Gastric cancer (GC) is a very heterogeneous disease. Despite the decreasing incidence with time, it represents the second most common cause of cancer-related death after lung cancer; however, it is well known that incidence rates are very different throughout the world, with some geographic areas showing much higher rates than other regions (1,2). Subtypes of GC present different and sometimes opposite epidemiological trends, with reference to proximal vs. distal tumor locations, or intestinal vs. diffuse Lauren histological types (3).
Along with wide variations in epidemiological characteristics, survival probabilities of GC patients are also different between Countries or risk areas in the same country (4). In a report from the EUROCARE Working Group, the improvement in 5-year relative survival of GC during a decade was negligible (4.1% in males and 1.4% in females) (5). Notably, GC exhibited the largest variability in survival rates among European countries, much more than other neoplasms, as breast or colorectal cancer. A recent study from our group also demonstrated strong differences in long-term outcome in GC patients coming from high or low risk areas of Italy, and treated at the same center with a similar surgical approach (6).
The exact reasons of such prognostic variability are still unknown, because differences in tumor (location, histotype) and individual characteristics (age, gender) are not able to completely explain these disparities (7). In general, it seems that a correlation exists between incidence and survival rates. Indeed, the highest is the incidence, the highest seems to be the survival probability (7,8).
We could speculate, as possible explanation of this phenomenon, that different biological form of GC may be linked to its epidemiology; more aggressive forms may have a uniform incidence throughout the world, whereas less aggressive forms may be more prevalent in high-risk areas. This could lead to better survival probability when the survivals of overall GC cases are analyzed in such areas (8).
Microsatellite instability (MSI) has been reported, in several studies, as an important favourable prognostic factor for GC; we recently confirmed its prognostic value in a large series (9). Furthermore, in our experience we observed a different proportion of MSI cases in patients coming from high-risk or low-risk areas of Italy, being MSI more common in regions with higher GC incidence (manuscript to be submitted). An alarming feature linked to this aspect is that the decreasing incidence of GC, above all in high-risk areas, may be due to the decreasing number of less aggressive forms. As a result, in the future we could observed less GC case, but with more aggressive tumor biology (3).
Two recent important studies which analyzed molecular biological characteristics of GC, the The Cancer Genome Atlas (TCGA) in America and Asian Cancer Research Group (ACGR) in Asian countries, may be helpful to provide possible explanations for these clinical heterogeneities (10,11).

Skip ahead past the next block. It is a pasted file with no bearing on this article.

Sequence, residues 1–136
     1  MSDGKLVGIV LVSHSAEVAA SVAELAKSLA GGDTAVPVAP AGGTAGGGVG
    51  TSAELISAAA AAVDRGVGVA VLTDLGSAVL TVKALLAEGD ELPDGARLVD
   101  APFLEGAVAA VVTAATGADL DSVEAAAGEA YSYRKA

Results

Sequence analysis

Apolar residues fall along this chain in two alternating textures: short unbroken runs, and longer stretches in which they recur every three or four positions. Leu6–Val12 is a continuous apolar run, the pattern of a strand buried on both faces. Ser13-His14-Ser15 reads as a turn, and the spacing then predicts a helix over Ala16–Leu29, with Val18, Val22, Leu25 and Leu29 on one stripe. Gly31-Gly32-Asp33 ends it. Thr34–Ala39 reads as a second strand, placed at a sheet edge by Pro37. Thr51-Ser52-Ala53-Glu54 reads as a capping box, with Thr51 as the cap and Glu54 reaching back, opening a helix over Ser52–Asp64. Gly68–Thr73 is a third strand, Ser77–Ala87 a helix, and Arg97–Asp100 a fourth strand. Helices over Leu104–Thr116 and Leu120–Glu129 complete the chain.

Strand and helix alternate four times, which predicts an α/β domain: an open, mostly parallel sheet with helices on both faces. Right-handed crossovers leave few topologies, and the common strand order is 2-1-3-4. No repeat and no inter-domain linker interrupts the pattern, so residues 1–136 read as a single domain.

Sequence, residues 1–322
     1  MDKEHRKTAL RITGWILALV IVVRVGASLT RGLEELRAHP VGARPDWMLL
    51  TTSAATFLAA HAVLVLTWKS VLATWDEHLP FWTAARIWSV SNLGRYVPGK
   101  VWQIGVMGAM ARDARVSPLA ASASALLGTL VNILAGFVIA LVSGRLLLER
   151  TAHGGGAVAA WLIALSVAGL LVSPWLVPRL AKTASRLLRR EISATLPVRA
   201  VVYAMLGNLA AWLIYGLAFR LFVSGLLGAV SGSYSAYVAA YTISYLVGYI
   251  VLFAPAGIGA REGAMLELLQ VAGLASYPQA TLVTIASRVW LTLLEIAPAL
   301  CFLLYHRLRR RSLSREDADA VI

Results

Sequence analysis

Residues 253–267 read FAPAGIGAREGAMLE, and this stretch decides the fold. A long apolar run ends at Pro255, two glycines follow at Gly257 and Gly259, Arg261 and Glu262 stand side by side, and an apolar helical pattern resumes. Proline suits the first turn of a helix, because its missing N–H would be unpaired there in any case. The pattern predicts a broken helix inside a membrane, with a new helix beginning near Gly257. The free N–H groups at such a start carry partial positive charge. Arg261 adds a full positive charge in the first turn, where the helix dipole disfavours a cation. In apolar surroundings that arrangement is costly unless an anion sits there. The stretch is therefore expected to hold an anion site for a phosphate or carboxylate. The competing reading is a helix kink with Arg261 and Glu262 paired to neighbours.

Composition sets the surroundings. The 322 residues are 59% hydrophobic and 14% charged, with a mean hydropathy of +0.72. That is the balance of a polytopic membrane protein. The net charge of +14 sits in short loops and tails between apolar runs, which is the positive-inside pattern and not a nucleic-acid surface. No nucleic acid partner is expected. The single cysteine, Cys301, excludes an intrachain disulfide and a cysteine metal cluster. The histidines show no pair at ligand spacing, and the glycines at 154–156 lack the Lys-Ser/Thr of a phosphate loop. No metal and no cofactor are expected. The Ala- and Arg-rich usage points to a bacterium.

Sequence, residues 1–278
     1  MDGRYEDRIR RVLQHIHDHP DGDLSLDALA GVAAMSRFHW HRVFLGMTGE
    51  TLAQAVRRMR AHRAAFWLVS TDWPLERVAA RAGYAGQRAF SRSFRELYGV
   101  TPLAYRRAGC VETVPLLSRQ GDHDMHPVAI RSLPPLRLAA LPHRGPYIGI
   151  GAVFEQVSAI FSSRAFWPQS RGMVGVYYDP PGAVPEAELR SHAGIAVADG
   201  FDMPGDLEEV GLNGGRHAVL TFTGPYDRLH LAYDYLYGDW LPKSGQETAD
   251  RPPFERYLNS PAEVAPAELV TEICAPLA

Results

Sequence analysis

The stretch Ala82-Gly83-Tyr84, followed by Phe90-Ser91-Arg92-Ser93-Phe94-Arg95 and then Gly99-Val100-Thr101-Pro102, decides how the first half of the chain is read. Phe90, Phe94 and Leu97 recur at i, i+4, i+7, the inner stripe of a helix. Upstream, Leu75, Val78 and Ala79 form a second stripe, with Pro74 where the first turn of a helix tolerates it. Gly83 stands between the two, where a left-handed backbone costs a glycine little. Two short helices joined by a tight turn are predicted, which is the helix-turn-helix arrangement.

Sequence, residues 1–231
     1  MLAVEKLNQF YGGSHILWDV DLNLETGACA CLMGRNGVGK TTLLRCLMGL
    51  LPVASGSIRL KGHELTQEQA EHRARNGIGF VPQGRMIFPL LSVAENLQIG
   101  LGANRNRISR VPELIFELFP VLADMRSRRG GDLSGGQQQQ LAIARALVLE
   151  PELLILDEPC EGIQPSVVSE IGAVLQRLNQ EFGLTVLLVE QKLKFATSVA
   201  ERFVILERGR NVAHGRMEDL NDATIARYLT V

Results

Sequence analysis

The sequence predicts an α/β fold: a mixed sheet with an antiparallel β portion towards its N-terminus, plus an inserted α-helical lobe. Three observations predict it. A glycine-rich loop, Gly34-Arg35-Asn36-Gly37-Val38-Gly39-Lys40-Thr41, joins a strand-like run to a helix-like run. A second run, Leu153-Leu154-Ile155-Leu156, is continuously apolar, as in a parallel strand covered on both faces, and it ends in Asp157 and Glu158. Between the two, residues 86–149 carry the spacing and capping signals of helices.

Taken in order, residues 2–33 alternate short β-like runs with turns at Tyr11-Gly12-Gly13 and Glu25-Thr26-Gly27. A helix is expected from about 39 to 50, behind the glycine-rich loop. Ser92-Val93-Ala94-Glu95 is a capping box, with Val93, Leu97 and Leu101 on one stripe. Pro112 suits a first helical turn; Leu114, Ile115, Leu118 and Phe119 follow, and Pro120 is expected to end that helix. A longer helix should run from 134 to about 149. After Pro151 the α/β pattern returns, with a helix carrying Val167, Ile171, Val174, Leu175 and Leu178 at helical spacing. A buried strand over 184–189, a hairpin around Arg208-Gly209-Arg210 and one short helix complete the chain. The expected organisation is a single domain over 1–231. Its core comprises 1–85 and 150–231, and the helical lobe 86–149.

The TCGA proposed molecular division of GC into four subgroups, based on genomic clustering combined to the molecular data: Epstein-Barr virus (EBV)-positive, microsatellite unstable tumors (MSI), genomically stable (GS) and chromosomally instable (CIN) GC. The ACRG proposed a division into MSI, and three microsatellite stable subtypes: epithelial—to mesenchymal transition (MSS/EMT), p53 positive (MSS/TP53+), and p53 negative (MSS/TP53−). In our opinion, the most important clinical characteristics of these molecular classifications, revealed to date, are the much better survival of MSI group, and the higher rate of peritoneal metastases in patients with MSS/EMT tumors.
If these molecular classifications may be able to explain heterogeneity in epidemiological features and prognosis of GC in different risk areas should be verified in future clinical studies, many of which are still ongoing.
Another feature linked to GC prognostic variability is patient’s ethnicity. It is well known the survival difference between Eastern and Western patients (12-14). Several studies also reported better outcome in Asian Americans when compared with other ethnicities in the US (15,16). Even when adjusting for several tumor and patients’ related factors, evaluated by means of validated prognostic scores, survival difference between Eastern and Western series still persisted (17); this may lead to suspect that other biological factors are responsible for these disparities (18).
Recent studies also reported that Asian-American patients have a worse prognosis if born in the USA, whereas those born in Asia exhibited better survival (19), thus suggesting that factors acquired in the youth may have affected the biological characteristics of GC (8).